March 7, 2019
Noon Position: 47 29S 115 21W
Course(t)/Speed(kts): ESE 6
Wind(t/tws): NW 14 – 17
Sea(t/ft): NW 5
Sky: High haze
10ths Cloud Cover: 5
Bar(mb): 1005+, slowly rising
Cabin Temp(f): 63
Water Temp(f): 50
Relative Humidity(%): 68
Sail: Twins poled out
Noon-to-Noon Miles Made Good (nm): 141
Miles since departure: 21,151
Avg. Miles/Day: 137
Days since Cape Horn: 97
Miles since Cape Horn: 13,510
Avg. Miles/Day: 139
Longitude Degrees Made Good (degrees minutes): 3 27
Total Longitude Made Good Since Cape Horn (degrees minutes): 314 11
Avg. Long./Day: 3.24
It’s good sailing today, but I wouldn’t mind just one type of breeze for a while; I mean, a man likes to do other things than crank a winch.
Slowly, and over the course of the day, wind has gone form W to N, but not evenly nor in one movement, but rather in fits and starts. North a bit, then back west; then north a bit more; nine knots and then nineteen. Twins poled out; twins down; twins out again; then big genoa and main on port tack; suddenly, the rail is in the water; so, big sail down and working jib out. Now we do seven knots. Great. Then the rail is in the water again and Mo takes off sideways; so, another reef in the main and a tuck in the jib. The wind drops to twelve.
Worse: this is all set to reverse. By morning, wind will be south.
Not sure when I’m going to get sleep tonight.
When flying the starboard pole this morning, my jury rig parted.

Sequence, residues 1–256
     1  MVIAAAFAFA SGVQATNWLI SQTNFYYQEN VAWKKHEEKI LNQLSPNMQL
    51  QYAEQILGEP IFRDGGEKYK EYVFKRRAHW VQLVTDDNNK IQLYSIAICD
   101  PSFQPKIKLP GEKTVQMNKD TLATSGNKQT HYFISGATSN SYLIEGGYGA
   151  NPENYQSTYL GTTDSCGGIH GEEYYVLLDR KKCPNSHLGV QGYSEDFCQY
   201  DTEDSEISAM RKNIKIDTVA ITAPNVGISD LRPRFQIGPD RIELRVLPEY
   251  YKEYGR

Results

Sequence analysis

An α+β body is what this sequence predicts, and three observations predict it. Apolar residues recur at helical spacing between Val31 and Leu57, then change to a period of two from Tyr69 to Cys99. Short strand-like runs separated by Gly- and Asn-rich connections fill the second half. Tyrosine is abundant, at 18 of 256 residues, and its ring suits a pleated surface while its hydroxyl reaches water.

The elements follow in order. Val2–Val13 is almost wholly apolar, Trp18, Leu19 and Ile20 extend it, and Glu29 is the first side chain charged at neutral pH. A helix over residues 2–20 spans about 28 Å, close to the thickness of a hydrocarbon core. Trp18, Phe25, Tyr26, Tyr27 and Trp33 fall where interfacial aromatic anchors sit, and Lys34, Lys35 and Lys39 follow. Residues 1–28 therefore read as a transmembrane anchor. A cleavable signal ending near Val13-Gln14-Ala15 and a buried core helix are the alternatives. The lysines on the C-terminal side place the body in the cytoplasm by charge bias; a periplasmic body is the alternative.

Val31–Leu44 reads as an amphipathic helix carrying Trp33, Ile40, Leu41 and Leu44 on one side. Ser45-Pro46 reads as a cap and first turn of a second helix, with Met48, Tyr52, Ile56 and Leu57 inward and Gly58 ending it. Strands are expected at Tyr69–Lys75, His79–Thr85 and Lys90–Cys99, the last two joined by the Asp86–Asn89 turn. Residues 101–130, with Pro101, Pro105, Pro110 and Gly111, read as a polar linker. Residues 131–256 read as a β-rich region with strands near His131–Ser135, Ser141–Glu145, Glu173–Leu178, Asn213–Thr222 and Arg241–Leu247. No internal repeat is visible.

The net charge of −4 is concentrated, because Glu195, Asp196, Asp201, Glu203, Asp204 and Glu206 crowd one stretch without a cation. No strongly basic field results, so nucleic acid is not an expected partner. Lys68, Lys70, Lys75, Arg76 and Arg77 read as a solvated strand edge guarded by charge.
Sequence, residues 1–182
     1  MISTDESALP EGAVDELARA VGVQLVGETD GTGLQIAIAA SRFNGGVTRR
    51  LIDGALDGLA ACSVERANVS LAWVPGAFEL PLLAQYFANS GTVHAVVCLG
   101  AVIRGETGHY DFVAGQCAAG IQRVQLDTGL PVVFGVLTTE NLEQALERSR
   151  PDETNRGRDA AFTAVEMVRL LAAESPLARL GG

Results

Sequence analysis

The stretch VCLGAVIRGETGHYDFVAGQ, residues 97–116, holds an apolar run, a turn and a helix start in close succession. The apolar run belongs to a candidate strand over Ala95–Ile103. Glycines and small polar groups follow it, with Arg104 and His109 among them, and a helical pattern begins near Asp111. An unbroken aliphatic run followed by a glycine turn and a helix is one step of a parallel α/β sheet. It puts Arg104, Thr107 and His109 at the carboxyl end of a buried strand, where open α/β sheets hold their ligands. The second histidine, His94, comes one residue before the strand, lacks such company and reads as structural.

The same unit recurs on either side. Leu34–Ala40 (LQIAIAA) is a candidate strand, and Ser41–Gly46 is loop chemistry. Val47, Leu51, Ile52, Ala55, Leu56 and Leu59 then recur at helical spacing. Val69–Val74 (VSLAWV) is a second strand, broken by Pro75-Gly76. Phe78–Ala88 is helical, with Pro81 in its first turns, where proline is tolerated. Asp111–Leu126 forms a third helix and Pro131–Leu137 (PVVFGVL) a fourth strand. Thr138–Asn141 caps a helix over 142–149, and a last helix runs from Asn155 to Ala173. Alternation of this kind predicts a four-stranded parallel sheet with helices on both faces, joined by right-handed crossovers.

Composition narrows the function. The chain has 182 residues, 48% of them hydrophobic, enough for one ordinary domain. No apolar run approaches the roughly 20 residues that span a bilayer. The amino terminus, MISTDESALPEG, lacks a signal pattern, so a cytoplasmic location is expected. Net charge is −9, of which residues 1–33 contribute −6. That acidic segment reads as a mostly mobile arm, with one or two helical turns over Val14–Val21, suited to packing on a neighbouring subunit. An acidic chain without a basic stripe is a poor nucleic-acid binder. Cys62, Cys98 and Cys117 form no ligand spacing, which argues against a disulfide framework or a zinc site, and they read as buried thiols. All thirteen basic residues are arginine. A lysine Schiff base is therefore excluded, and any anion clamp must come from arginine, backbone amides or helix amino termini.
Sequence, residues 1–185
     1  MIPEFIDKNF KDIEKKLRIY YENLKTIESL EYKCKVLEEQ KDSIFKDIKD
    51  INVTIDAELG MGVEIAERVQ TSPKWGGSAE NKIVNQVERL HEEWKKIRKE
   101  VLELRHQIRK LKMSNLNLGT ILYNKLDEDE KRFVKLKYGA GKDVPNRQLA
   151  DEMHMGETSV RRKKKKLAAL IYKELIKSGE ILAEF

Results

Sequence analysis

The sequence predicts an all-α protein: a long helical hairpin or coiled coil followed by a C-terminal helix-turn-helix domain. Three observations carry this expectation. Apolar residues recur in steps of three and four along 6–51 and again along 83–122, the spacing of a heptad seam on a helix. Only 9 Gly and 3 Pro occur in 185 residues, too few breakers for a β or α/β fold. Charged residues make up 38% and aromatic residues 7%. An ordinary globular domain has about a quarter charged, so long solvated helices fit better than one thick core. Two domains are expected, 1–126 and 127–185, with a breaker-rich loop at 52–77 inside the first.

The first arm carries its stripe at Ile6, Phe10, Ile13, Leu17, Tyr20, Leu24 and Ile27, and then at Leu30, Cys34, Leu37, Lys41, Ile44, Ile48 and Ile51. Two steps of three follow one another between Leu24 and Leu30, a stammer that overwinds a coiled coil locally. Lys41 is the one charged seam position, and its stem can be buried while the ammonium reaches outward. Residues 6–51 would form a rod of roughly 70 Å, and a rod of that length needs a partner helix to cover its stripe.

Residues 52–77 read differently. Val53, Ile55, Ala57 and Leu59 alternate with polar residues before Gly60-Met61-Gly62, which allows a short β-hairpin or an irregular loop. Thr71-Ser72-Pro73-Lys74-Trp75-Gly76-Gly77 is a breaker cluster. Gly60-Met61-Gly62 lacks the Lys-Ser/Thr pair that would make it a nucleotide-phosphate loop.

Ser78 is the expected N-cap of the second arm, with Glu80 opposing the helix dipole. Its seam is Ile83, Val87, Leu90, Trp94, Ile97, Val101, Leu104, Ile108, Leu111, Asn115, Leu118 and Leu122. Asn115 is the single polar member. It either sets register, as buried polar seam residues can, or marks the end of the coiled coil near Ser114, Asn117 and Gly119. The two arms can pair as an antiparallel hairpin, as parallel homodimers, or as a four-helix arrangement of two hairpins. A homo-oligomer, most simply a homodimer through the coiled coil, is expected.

Some months ago, the latch mechanism that holds the pole to the rail car began to let go at inopportune moments. Just when I was heaving skyward, for example. Investigation showed that the latch receptor had worn down on both poles. I bolted the lock mechanism into the locked position. No effect.
Options for a jury rig are limited as the attachment needs to allow for at least 180 degrees of rotation. So, after thinking it through for a few days, I did the simplest thing. I tied a single loop of Dyneema twine between the pole and the car; the loop is loose enough to allow the pole its natural rotation and yet tight enough to keep the two units connected (single loop because the existing holes allowed exactly that).
One finally chafed through today and the pole came crashing down like a felled tree. Light wind, so no other breakage (to gear or sailor’s head). Jury rig back in place, but with a chafe-check schedule.
I’ve made the turn towards Cape Horn. Bearing: 107 true. 1802 miles.